Residential Foundation Insulation Facts

Foundation Insulation

Facts Every Home Owner/Buyer Needs To Know About Residential Foundation Insulation

Nowadays, much thanks to the improvements and advancements in technology, more and more newly constructed homes have become even better in terms of energy-efficiency. Aside from the development of more energy-efficient construction materials, building techniques have also been considerably improved. Even heating and cooling systems, floor, door, and window treatments, and many other household items have been equipped with energy-efficiency-improving features as well.

One aspect of a home that is often overlooked, but has the great potential of making a home perform even better in the area of energy-efficiency is the foundation. Insulating the foundation can come with many different benefits, give that it has been done by a professional and the job has been completed properly and thoroughly.

Some of these benefits include the following:

  1. Reduces the amount of heat loss down to 50 percent.
  2. Lessens the costs associated with heating.
  3. Increases the overall comfort of the home’s occupants.
  4. Decreases the risks of condensation.
  5. Reduces the potential of mold growth, development, and spread.
  6. Increases the level of livability of rooms that are below-grade.

Types of Foundation

Now that you know more about the benefits of foundation insulation, the next thing that you need to know are the different types that it comes in. There are several types of residential foundation, including the following:

Full Basement Type

Were you aware of the fact that basements are actually insulation-capable? That’s right. You can actually have your basement insulated either outside, inside, or both. It is common for this part of the home to be insulated in the inside using traditional 2 by 4 framing, complete with wet-spray or batt insulation. Drywall is then used as a cover for the batt insulation.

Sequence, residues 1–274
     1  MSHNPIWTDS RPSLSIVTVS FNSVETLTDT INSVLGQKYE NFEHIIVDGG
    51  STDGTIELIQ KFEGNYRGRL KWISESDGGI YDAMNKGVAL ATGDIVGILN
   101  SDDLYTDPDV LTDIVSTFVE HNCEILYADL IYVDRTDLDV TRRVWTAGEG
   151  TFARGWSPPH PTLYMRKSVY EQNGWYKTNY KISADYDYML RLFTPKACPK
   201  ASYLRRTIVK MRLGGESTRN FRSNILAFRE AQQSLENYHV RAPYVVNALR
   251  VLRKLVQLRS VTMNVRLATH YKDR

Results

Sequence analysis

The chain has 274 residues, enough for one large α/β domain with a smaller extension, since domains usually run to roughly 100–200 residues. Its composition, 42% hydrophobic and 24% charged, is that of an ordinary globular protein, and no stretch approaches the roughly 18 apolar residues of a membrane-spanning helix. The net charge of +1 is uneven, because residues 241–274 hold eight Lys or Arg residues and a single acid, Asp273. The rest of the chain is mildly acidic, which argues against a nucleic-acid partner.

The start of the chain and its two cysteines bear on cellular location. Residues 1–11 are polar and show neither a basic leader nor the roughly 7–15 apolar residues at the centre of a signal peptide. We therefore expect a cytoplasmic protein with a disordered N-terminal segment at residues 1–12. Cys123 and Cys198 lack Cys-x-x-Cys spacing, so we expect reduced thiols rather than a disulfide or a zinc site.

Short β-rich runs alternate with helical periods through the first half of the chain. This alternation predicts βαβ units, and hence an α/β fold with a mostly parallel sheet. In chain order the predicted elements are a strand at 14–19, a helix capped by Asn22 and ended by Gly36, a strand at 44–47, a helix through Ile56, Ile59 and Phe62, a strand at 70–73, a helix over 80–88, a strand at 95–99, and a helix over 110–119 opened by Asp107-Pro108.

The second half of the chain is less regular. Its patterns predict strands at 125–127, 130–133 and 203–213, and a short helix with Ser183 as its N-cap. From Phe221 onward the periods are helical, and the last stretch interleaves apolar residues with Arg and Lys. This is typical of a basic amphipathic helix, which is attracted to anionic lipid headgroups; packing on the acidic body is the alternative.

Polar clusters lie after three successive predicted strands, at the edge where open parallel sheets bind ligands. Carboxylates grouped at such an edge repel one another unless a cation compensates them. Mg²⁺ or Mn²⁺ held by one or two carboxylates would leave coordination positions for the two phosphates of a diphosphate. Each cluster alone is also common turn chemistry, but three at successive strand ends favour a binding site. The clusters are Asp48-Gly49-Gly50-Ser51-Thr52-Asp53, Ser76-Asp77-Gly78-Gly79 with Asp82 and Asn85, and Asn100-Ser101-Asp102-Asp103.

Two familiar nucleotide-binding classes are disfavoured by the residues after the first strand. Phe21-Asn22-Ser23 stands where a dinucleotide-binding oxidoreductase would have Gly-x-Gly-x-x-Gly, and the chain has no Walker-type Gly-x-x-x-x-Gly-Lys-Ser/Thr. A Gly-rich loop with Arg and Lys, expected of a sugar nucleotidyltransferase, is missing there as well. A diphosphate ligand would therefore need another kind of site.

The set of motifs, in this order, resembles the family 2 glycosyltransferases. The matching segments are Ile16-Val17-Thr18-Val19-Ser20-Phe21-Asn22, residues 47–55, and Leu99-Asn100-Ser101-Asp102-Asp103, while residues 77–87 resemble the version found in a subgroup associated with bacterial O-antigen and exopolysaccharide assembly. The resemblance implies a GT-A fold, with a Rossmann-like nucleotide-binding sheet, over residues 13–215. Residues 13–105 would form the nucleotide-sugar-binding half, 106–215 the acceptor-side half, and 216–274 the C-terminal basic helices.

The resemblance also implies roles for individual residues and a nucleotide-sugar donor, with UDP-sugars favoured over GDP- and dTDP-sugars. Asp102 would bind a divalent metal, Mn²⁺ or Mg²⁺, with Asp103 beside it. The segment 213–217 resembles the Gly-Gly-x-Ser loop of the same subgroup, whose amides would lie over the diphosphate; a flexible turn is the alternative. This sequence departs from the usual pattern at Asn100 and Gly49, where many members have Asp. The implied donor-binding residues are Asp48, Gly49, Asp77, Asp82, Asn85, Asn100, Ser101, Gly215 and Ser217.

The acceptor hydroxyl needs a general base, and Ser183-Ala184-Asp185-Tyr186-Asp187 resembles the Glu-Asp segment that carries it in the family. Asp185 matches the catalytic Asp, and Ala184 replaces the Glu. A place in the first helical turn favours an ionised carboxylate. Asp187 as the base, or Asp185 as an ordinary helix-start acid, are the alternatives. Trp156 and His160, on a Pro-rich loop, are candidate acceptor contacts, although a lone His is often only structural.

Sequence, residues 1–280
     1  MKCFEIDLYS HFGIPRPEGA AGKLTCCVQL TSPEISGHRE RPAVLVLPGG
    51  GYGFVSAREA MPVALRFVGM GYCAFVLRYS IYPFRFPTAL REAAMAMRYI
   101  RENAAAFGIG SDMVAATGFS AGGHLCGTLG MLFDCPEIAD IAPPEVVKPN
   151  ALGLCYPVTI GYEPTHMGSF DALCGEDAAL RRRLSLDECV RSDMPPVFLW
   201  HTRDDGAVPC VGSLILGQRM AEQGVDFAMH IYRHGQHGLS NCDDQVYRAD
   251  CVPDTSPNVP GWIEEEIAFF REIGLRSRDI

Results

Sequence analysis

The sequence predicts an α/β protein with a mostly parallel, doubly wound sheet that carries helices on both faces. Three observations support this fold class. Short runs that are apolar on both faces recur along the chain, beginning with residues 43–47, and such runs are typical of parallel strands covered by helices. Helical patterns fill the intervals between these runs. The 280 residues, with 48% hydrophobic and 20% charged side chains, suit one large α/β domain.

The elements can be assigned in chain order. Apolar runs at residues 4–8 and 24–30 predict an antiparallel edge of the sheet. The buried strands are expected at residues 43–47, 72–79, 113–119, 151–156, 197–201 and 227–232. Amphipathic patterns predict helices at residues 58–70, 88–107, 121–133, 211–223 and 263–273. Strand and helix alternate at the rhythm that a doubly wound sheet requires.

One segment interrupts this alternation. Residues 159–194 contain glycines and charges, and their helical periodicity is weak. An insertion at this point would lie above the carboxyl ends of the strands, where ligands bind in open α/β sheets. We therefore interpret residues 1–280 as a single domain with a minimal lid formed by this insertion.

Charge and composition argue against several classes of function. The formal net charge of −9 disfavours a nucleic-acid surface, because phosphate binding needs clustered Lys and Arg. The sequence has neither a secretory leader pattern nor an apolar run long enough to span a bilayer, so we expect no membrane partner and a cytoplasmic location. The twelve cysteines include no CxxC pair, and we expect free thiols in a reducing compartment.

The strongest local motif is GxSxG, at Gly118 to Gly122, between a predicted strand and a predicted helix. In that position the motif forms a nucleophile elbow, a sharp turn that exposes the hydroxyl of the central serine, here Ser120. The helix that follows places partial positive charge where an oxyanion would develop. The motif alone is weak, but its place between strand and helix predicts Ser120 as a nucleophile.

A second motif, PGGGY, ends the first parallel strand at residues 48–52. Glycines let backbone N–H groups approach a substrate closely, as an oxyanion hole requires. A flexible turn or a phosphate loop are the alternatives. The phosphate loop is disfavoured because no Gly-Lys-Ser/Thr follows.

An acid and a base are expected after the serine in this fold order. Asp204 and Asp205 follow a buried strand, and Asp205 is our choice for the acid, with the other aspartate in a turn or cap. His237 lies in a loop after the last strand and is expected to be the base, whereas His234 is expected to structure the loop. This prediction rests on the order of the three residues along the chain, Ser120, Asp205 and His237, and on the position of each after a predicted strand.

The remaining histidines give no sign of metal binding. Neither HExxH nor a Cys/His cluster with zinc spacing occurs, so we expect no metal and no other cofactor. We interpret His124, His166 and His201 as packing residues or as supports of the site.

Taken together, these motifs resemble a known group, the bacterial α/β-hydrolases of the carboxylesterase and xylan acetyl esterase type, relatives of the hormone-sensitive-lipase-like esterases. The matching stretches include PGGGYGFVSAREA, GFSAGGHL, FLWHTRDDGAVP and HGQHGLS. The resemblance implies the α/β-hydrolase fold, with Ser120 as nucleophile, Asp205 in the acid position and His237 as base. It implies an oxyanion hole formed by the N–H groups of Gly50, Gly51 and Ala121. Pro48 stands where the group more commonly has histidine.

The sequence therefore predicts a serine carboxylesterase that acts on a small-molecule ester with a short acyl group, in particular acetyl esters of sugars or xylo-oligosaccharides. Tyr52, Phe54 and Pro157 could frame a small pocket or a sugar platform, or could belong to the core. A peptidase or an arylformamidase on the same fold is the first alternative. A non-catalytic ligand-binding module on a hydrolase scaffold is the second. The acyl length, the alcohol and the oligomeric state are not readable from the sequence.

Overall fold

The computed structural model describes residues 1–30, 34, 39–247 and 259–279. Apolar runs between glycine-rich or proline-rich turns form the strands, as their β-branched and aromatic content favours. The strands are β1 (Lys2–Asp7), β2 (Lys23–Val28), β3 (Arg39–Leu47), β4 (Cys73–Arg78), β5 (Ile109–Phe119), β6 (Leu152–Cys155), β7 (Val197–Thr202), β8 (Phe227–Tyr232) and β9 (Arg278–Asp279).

Here are a few other things you need to know about insulating basements on the inside:

  1. Basement interiors can also be insulated using rigid foam. This foam insulation is then held in place by furring strips.
  2. Some homes make use of expanded or extruded polystyrene/polyisocyanurate insulation boards.
  3. Homes that are insulated with foam insulation boards are required by fire codes to be layered above with drywall.

As for exterior foundation insulation, here are the facts you need to know:

  1. The most common materials used when insulating the exterior of basements are extruded or expanded polystyrene. These are applied directly to the basement walls’ exterior.
  2. For any insulation material that is exposed above-grade, it should be covered so as to protect it from the harmful impact of the sun as well as from physical abuse.
  3. Some of the most common materials used as cover include cementous boards, stucco-like finishes, and roll-metal stocks.

You have another option, which is to make use of a foam-form foundation. Polystyrene foundation forms are some of the most common, and these are placed on traditional footings. These forms are then layered with concrete, which then results in curing. The outcome is that the concrete serves not only as the structural component of the wall, but also its thermal component.